Cardiff Students' Union plays a pivotal role in creating a welcoming space for all. With inclusivity at its heart, the Students' Union provides a platform for individuals to express themselves freely and engage in a wide range of activities that promote understanding, acceptance, and social cohesion through societies, clubs, and events throughout the year.
In February, we celebrate LGBTQ+ History Month, which is important to not only celebrate how far we have come as a society, but to also acknowledge the struggle and sacrifices of those who helped the community get where we are now. There is still a huge war ahead of us, but it is important to celebrate our community and all the progress that we have made. 
Check out our Pride merch here!


Student Advice - Student Advice is a free, confidential and independent service available for students of Cardiff University. We are independent of the University and our role is to give you impartial advice and guidance and help you understand the options available to you.


MindOut - MindOut is a mental health service run by and for lesbian, gay, bisexual, trans, and queer (LGBTQ) people. Mind Out work to improve the mental health and wellbeing of all LGBTQ communities and to make mental health a community concern. Mind Out recognise that our communities are wonderfully diverse and welcome all LGBTQ+ people including those who identify as asexual, aromantic, pansexual, non-binary, genderqueer, genderfluid and intersex.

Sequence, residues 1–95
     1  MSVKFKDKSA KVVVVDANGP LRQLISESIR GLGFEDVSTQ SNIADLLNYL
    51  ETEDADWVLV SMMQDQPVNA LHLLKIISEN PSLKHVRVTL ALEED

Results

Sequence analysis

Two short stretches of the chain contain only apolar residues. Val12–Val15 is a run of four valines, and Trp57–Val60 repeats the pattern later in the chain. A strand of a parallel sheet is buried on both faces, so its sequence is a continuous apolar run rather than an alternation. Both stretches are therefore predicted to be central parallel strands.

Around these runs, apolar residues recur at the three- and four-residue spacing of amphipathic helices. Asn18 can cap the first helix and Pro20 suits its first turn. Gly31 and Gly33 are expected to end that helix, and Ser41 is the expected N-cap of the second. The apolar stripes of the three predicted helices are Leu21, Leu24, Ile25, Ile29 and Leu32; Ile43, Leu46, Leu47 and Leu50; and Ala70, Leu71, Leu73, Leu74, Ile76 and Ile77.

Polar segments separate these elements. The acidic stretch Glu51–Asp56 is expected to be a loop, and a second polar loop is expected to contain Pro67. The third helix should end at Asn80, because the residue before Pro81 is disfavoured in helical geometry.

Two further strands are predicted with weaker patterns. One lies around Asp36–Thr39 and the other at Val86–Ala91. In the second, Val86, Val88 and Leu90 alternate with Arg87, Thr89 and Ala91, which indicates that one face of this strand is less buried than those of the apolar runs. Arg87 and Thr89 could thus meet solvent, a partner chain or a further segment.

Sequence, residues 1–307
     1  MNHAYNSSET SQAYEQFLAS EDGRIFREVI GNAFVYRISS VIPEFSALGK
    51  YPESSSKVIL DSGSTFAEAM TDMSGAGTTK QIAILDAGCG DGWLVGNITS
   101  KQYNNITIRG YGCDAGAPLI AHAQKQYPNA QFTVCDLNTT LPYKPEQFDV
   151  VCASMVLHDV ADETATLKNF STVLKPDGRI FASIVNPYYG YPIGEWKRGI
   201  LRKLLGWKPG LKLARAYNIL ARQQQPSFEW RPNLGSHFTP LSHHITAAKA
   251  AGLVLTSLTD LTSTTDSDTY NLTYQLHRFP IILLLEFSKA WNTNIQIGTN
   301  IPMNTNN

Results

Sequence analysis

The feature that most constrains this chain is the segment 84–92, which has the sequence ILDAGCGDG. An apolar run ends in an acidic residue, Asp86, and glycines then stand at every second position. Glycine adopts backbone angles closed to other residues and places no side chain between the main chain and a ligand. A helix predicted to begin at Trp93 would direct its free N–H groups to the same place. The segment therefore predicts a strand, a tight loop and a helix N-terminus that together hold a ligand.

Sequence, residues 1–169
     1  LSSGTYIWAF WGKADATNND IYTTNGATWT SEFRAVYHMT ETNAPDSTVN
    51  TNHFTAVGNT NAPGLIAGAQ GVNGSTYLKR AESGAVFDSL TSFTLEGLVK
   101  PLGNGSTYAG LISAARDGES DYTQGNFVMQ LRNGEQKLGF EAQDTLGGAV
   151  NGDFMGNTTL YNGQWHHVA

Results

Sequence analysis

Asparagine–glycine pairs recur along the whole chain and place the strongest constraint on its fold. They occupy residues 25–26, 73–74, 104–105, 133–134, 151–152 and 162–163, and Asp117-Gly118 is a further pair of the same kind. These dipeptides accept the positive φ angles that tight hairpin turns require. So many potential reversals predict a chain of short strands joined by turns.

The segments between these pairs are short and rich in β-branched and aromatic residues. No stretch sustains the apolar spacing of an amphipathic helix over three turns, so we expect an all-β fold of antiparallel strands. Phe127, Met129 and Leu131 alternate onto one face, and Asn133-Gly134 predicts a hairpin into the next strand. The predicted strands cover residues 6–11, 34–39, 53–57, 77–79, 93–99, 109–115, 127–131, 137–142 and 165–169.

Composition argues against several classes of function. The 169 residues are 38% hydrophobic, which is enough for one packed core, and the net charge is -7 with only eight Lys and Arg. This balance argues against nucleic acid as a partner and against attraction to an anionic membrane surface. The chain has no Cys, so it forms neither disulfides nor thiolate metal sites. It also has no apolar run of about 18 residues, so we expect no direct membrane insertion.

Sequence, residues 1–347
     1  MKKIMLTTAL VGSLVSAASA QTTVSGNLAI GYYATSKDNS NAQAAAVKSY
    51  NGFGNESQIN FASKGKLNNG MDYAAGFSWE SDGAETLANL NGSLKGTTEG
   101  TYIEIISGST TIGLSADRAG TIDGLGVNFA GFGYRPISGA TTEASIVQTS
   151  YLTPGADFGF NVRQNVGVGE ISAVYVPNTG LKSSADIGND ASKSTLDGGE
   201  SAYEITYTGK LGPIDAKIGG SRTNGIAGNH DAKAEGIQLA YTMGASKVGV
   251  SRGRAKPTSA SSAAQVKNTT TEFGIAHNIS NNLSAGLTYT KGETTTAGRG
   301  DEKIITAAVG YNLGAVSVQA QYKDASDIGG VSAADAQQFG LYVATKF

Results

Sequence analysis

LGBT Foundation - LGBT Foundation are a national charity with LGBTQ+ health and wellbeing at the heart of everything they do. They celebrate and empower LGBTQ+ individuals and our diverse communities to realise their full potential, every day. They provide services and activities that give a lifeline to those in need, offering hope and support on their journey towards achieving their aspirations.


NHS - It might not be easy, but getting help with issues you're struggling to deal with on your own is one of the most important things you can do. Talking with a therapist who's trained to work with LGBTQ+ people may help with their issues.


The Queer Emporium - If you are struggling to find like-minded people who share the same views and passions as you, The Queer Emporium's Community Events are designed to be affordable, interactive, and small-scale. Most events run on a bi-weekly or monthly basis and include a queer women's reading group, dog walks, a communal play reading session, Speed Friendshipping and more!


Umbrella Cymru - If you’re looking for support, advice, guidance or training as a professional about anything relating to gender or sexual diversity, identity or equality – Umbrella Cymru have you covered.


Transaid Cymru - Trans Aid Cymru aims to help Transgender, Non-Binary and Intersex (TIN) people through mutual aid support. The project is run by TIN people for TIN people, making it inclusive and understanding of the community needs.


South Wales Gay Men Chorus - South Wales Gay Men’s Chorus began life in February 2008 when Andrew Bulleyment decided a gay choir for the South Wales area was long overdue. Over the 14 years since the choir has been on a wild ride, becoming a recognised and respected part of the gay community in Cardiff and South Wales, attending numerous national and international festivals, and hosting one at the Hand in Hand LGBT Choral Festival in 2019. 


Glitter Cymru - Glitter Cymru was set up in June 2016 as a monthly meet-up group for people who identify under the following two acronyms: BAME meaning Black, Asian and Minority Ethnic and LGBT+ meaning Lesbian, Gay, Bi and Trans.


Bi Cymru - Bi Cymru/Wales aims to provide an all-Wales network to bring together bi people, people who think they may be bi, and people attracted to more than one gender from across Wales, tackling social isolation and providing peer support.


Safer Wales - For the last 20 years, Safer Wales have been working with victims of domestic violence, rape, sexual abuse, exploitation and hate crime.